Zeal without Burnout

Christopher Ash, Good Book Company, 2016, 130pp, £7.99

The subject of burnout amongst Christian leaders and workers is emotive and difficult to address. Many have been through painful and humbling experiences where they “hit the wall”, and were unable to cope, needing rest from, and perhaps even to withdraw altogether from ministry. Many know what is to be on a ministry treadmill, aware that overwork is taking its toll but just not sure what to do about it. Still others may be concerned about the tendency to overreact to the stresses of ministry and try and make a “safe” version of it, where they end up not committing or caring. Whatever stage you are in Christian service, you will inevitably need to address this subject, either in your own life or the lives of others. To that end, Christopher Ash has done us a great service in providing an accessible and thoughtful book, which is a great conversation partner as we grapple with what fruitful and sustainable ministry looks like.    

Ash’s contention is that there is a different way to do ministry than just one that hurtles towards inevitable burnout: “one that combines passionate zeal for Jesus with plodding faithfully year after year” (14). The first chapter outlines the scale of the problem of burnout, drawing heavily from Ash’s own experience and that of others. Throughout the book there are helpful personal testimonies from men and women in a variety of ministry settings.  Ash emphasises that none of us can neglect this issue of self-care: “none of us thinks we are on the path to burnout until we are nearly burnt out; it is precisely those of us who are sure we are safe, who are most in danger” (19). In the second chapter Ash seeks to clarify what the difference between godly sacrifice and needless burnout is. He is careful to emphasise he is not peddling a “soft” option and wants to encourage wholehearted sacrificial living: “It is a great mistake if you get to the end of this book and resolve to live an easy life!” (27). The book is more concerned with unnecessary burnout that has a harmful effect on others: spouse, family, church and colleagues.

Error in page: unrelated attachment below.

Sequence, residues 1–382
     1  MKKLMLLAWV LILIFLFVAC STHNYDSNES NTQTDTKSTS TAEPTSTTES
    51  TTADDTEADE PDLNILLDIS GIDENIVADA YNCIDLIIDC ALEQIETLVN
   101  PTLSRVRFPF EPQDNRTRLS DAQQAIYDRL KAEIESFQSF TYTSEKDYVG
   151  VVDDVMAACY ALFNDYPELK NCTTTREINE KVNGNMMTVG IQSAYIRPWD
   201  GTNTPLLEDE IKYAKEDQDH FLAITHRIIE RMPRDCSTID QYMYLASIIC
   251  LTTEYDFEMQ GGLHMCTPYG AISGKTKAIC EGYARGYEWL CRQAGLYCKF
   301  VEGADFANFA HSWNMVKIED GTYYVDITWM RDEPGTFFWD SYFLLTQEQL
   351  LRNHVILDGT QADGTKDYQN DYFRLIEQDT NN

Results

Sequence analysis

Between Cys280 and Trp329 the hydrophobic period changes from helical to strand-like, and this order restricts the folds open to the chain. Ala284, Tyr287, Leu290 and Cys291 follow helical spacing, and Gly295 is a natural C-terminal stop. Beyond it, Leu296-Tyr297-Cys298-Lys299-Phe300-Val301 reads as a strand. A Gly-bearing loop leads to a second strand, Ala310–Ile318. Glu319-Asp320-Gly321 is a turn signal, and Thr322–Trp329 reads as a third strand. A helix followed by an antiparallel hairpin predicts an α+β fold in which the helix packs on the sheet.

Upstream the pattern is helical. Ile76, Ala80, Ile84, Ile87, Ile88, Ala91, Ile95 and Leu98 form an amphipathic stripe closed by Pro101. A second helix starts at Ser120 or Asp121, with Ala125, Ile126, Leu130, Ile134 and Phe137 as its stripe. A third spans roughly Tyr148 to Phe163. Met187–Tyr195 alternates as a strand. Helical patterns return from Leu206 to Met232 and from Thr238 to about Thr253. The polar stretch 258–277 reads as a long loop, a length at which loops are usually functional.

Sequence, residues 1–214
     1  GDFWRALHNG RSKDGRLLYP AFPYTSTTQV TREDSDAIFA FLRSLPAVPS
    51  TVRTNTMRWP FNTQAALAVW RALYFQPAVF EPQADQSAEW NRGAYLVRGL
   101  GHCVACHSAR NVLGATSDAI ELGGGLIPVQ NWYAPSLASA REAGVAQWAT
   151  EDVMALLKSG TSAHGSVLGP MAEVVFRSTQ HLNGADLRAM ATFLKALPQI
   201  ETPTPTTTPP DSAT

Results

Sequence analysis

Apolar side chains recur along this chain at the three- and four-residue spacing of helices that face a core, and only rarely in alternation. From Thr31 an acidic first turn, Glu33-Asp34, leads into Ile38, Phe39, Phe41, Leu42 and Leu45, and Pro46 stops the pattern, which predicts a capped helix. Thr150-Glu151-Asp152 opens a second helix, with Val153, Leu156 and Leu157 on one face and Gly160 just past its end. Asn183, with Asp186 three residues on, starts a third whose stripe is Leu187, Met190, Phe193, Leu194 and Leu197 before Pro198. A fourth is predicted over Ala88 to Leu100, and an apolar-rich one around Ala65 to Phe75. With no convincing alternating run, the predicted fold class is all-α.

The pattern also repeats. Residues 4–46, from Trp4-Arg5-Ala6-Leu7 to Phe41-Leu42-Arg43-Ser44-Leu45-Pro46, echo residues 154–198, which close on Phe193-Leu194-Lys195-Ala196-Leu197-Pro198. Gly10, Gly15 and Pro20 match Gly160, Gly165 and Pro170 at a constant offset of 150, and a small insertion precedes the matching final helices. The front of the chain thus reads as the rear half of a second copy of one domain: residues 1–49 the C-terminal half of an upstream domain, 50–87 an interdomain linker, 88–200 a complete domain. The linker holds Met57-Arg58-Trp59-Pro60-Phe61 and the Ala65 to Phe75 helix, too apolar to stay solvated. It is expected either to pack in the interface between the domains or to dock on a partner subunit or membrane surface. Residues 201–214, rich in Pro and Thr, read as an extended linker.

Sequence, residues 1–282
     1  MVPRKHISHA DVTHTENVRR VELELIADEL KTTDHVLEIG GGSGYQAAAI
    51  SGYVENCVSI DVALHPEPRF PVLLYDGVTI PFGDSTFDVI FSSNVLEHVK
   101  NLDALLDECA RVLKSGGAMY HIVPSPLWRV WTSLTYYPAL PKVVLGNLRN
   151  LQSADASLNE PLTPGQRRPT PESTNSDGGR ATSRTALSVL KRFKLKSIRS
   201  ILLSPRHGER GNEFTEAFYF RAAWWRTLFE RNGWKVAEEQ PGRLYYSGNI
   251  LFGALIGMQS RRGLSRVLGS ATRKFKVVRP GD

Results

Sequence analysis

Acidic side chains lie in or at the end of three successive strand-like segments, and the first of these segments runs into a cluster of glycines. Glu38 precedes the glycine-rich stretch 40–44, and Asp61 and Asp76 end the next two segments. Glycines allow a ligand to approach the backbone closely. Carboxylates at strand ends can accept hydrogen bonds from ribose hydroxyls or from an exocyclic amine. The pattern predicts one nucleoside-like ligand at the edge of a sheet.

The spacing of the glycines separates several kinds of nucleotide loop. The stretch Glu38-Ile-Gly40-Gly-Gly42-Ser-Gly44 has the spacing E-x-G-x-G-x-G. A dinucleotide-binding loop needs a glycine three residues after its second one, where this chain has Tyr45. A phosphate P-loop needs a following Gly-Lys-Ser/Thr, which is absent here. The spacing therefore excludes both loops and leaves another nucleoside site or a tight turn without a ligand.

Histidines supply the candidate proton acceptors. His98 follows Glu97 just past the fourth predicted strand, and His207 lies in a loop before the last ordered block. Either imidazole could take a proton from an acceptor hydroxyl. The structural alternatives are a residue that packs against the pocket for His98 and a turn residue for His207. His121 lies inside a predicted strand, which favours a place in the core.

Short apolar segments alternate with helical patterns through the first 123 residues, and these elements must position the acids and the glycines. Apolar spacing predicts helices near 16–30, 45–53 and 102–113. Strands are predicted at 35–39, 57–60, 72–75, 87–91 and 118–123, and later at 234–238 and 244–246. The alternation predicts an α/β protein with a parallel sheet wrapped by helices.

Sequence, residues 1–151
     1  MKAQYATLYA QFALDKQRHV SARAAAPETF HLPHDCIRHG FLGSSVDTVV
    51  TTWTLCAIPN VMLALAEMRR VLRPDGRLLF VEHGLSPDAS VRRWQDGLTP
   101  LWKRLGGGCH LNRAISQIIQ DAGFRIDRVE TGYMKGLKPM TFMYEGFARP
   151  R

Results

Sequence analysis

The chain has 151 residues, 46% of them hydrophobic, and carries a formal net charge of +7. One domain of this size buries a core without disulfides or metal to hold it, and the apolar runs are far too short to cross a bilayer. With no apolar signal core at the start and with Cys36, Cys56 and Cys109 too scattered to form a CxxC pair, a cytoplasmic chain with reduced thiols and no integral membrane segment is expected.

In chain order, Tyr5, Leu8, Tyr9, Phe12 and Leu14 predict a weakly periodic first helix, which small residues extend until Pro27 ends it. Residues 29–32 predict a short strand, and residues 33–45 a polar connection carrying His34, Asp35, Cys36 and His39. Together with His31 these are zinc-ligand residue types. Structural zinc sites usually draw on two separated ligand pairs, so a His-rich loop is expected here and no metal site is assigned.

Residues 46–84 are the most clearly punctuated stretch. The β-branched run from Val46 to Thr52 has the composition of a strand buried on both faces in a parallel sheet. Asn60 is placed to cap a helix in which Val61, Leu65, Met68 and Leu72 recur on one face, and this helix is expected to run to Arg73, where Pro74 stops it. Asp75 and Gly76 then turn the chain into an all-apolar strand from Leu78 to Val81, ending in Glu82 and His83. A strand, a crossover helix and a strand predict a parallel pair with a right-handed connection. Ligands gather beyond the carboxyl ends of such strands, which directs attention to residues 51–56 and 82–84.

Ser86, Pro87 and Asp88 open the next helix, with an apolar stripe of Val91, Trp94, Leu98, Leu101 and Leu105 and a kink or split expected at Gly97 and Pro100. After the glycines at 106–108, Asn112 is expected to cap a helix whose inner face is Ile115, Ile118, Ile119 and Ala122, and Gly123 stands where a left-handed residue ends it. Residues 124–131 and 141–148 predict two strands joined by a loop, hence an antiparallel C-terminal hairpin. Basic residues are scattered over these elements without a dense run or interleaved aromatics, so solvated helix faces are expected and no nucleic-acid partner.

The centre of the book’s content is a rediscovery of the biblical doctrine of humanity – that we are embodied creatures; dust. Ash wants to avoid a false spirituality that separates our spiritual lives from who we are as frail and finite physical creatures. From this humbling perspective, Ash proceeds to give us seven keys that draw the distinction between who we are as finite creatures and who God is as our infinite Creator. Sleep, rest, friendship and inward renewal are all dealt with. Ash also warns of the dangers of an inflated view of ourselves, invites us to celebrate the grace of God more than our own achievements, and encourage us that our “labour in the Lord is not in vain” (1 Corinthians 15:58).